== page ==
The proposed new model of care for community-based specialist palliative care for adults in NW London

Following the release of the initial proposed model of care in August 2023, we undertook an extensive period of engagement to hear the views and receive the feedback of our residents, health professionals and a broad range of local stakeholders.

A series of nine engagement events took place in September and October 2023 at which attendees had the opportunity to learn more about the model and comment on the proposals. We also received feedback via online surveys, email and in other face-to-face meetings.

Overall, there was good support for the proposed new model of care. We did hear some valuable challenges and constructive suggestions on how we might improve the model, which we committed to reflect in this revised version of the proposed new model of care. These included the following key themes:

  • Further information on the proposed enhanced end-of-life beds.
  • Addressing inequalities and disparities in access, outcomes and experiences of palliative care services.
  • Enhancing innovation and continuing to make improvements to specialist palliative care services alongside the implementation of the new model of care (including service navigation and co-ordination).
  • Improving leadership and governance.

In February 2024, we produced a revised new model of care featuring extensive changes to reflect these points. There are also various other more minor revisions and additions to reflect other points raised during public engagement. The revised new model of care features a full statement explaining these changes and highlighting of them within the document. The revised model can be seen here.

The initial proposed new model of care for community-based specialist palliative care for adults in NW London (August 2023)

Our community and our partners in the NHS, charitable hospices and local government have been instrumental in shaping the model of care and the range of services it is recommending is delivered in NW London. We believe it offers the opportunity to improve the level and scope of community-based specialist palliative care in every borough in NW London.

We would like to thank all the members of the NW London CSPC model of care working group and the wider patients, families, carers and other stakeholders for their feedback and suggestions that are so integral for the success of this programme.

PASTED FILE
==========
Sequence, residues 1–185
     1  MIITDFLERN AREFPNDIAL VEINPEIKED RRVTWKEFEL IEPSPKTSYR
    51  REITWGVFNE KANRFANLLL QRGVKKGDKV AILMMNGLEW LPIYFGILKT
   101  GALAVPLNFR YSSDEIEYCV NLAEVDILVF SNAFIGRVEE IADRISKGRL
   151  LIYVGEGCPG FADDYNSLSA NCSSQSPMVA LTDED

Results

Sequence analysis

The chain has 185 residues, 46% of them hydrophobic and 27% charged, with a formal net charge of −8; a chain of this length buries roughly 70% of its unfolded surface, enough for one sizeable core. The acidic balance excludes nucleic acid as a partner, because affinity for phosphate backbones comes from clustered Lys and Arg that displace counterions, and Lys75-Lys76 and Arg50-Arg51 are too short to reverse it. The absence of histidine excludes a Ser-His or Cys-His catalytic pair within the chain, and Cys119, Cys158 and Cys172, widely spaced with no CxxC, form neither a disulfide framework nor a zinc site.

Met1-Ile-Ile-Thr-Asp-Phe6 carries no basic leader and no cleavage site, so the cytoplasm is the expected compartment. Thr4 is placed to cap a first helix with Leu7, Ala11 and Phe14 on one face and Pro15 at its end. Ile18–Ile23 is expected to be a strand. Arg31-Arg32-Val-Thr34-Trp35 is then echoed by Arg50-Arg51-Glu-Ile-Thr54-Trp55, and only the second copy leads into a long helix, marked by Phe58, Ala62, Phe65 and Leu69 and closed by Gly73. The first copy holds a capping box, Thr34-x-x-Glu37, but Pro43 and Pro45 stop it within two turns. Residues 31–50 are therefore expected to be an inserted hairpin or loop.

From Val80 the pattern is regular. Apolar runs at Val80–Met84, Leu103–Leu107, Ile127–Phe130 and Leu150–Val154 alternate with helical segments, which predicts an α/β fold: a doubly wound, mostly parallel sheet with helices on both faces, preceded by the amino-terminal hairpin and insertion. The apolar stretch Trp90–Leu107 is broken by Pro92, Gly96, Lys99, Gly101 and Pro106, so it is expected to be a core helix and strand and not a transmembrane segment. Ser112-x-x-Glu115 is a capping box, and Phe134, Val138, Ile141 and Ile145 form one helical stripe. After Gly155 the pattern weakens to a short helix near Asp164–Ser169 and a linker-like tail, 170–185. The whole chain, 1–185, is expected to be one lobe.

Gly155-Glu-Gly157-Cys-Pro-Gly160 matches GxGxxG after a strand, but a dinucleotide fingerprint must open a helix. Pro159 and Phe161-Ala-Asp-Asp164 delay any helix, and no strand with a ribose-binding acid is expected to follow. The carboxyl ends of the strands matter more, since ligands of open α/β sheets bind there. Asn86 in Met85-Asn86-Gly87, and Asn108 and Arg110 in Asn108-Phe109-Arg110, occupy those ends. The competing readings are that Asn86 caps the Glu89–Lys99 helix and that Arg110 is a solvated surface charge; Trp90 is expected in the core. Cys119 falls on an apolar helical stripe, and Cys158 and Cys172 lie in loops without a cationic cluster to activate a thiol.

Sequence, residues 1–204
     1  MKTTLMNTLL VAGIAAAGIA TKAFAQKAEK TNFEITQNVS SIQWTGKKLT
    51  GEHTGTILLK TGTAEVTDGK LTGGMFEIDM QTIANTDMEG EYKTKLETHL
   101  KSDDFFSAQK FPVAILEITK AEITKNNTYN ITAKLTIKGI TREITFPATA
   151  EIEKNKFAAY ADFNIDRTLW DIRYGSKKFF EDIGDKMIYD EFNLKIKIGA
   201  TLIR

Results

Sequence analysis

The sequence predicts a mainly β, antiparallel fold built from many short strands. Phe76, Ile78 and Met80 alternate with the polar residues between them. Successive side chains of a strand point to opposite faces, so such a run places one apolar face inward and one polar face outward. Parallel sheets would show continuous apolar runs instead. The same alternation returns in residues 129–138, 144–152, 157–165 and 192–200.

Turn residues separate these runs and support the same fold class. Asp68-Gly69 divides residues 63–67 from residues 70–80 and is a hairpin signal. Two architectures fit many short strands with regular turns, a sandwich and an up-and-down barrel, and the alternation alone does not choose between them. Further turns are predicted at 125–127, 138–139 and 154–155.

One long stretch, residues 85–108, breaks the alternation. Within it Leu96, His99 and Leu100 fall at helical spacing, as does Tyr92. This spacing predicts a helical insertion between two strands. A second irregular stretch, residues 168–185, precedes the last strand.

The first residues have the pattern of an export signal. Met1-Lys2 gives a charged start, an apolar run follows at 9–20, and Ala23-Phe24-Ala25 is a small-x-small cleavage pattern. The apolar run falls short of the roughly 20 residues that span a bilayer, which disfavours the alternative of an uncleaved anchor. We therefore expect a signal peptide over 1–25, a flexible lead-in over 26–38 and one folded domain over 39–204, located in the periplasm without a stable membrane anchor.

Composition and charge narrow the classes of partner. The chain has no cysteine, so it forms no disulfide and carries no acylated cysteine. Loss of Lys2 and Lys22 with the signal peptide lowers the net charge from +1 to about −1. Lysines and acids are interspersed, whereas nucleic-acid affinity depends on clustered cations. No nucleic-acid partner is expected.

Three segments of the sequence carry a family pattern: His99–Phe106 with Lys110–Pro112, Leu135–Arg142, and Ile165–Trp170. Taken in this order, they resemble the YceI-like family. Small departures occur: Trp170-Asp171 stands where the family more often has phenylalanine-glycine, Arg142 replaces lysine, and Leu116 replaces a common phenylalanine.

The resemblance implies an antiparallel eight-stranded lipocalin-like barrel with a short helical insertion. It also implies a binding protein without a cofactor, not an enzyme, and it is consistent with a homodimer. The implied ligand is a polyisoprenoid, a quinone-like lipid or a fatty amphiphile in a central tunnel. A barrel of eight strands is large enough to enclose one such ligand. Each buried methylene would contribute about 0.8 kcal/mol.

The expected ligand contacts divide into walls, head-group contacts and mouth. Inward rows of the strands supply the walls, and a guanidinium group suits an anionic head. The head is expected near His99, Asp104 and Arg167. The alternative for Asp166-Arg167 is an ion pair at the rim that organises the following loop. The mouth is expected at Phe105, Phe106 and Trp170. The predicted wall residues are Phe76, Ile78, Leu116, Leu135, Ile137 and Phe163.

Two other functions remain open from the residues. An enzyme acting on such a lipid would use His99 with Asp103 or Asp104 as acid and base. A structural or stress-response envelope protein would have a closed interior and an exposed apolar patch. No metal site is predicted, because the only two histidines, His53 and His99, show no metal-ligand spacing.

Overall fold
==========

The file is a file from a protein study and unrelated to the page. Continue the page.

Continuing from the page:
We are incredibly grateful for the support and contributions we have received from local residents who have shared their individual stories and thoughts.  The new model of care builds on previous engagement and has been co-designed over the last year by a working group, which met 38 times, of NW London residents, along with clinicians, NHS providers and charitable hospices with the ultimate goal of making sure there is improved access to high quality services.

In our engagement and the work that we have carried out through the model of care working group, we have considered the needs of our diverse communities and those with protected characteristics including people who live with learning disabilities, and people who are experiencing homelessness and LGBTQI. in some cases, we carried out literature reviews and spoke to experts representing some of these communities. This insight was published in the engagement outcome report

Click here to view co-designing a new, improved model of care - full document
Click here to view co-designing a new, improved model of care - summary
Click here to view co-designig a new, improved model of care - one pager

This new model shows “what good care should look like” for adults across NW London. Some of these services already exist across all boroughs, while others are new additions and will level up the standard of care. This is particularly significant for boroughs where the services currently do not exist or there is significant variation for boroughs. 

The model covers a wide range of community-based specialist palliative care services that will help patients to stay in their own home or usual place of residence, whilst allowing them the flexibility to move to a different care setting if needed.

It increases the range and number of inpatient bed care options available by introducing enhanced end-of-life care beds, for people with less complex specialist palliative care needs who still require inpatient care. This is on top of the existing hospice inpatient beds currently in place and projected to be required over the next five to ten years.

The model also includes an extension of a number of existing services to level-up provision and availability across all eight NW London boroughs, including:

•    Extended provision of 24/7 telephone advice lines for existing and new patients
•    Extended days and hours of care provision by specialist teams
•    Increased support to care homes
•    Expansion of Hospice at Home services to all boroughs, supporting up to 24-hour care in patients’ homes
•    The introduction of new common standards for psychological and bereavement support services 
•    Expansion of lymphoedema services

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